We have structured our claims operation to provide immediate, intensive and personal management of claims to guide injured employees through medical treatment, rehabilitation and recovery, with the primary goal of returning the injured employee to work as promptly as practicable. We seek to limit the number of claim disputes with injured employees through early intervention in the claims process.

Our FCMs are located in the geographic areas where our policyholders are based. We believe the presence of our FCMs in the field enhances our ability to guide an injured employee to the appropriate conclusion in a friendly, dignified and supportive manner. Our FCMs have broad authority to manage claims from occurrence of a workplace injury through resolution, including authority to retain many different medical providers at our expense. Such providers comprise not only our recommended medical providers, but also nurse case managers, independent medical examiners, vocational specialists, rehabilitation specialists and other specialty providers of medical services necessary to achieve a quality outcome.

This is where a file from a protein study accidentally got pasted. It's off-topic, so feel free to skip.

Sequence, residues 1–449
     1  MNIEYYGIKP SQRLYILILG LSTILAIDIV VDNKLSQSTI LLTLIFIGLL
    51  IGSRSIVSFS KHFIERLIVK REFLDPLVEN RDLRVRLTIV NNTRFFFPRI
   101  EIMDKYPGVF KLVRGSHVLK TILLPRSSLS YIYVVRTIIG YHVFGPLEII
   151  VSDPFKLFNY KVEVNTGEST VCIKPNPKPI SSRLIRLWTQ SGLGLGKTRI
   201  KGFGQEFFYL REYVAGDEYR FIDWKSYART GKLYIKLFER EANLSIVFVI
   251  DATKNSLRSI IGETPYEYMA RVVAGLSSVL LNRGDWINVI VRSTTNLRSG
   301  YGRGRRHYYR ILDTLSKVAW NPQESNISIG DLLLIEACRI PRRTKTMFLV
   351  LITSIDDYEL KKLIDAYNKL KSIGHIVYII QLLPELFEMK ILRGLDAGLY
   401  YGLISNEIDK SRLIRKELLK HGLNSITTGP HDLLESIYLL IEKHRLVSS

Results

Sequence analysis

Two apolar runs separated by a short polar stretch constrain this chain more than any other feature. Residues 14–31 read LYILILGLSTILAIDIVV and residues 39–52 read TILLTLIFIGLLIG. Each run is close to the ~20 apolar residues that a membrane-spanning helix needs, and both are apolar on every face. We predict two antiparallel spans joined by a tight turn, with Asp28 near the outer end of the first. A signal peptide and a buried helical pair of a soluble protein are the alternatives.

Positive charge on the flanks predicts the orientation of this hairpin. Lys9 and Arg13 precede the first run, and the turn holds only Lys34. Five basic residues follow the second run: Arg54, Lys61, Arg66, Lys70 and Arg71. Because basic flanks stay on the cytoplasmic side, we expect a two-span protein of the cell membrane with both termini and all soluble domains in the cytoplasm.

Following notification of a workplace injury, an FCM will contact the policyholder, the injured employee and/or the treating physician to determine the nature and severity of the injury. If a serious injury occurs, the FCM will promptly visit the injured employee or the employee’s family members to discuss the benefits provided. The FCM will also visit the treating physician to discuss the proposed treatment plan. Our FCM assists

 

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the injured employee in receiving appropriate medical treatment and encourages the use of our recommended medical providers and facilities. For example, our FCM may suggest that a treating physician refer an injured worker to another physician or treatment facility that we believe has had positive outcomes for other workers with similar injuries. We actively monitor the number of open cases handled by a single FCM in order to maintain focus on each specific injured employee. As of December 31, 2013, we averaged 53 open indemnity claims per FCM, which we believe is significantly less than the industry average.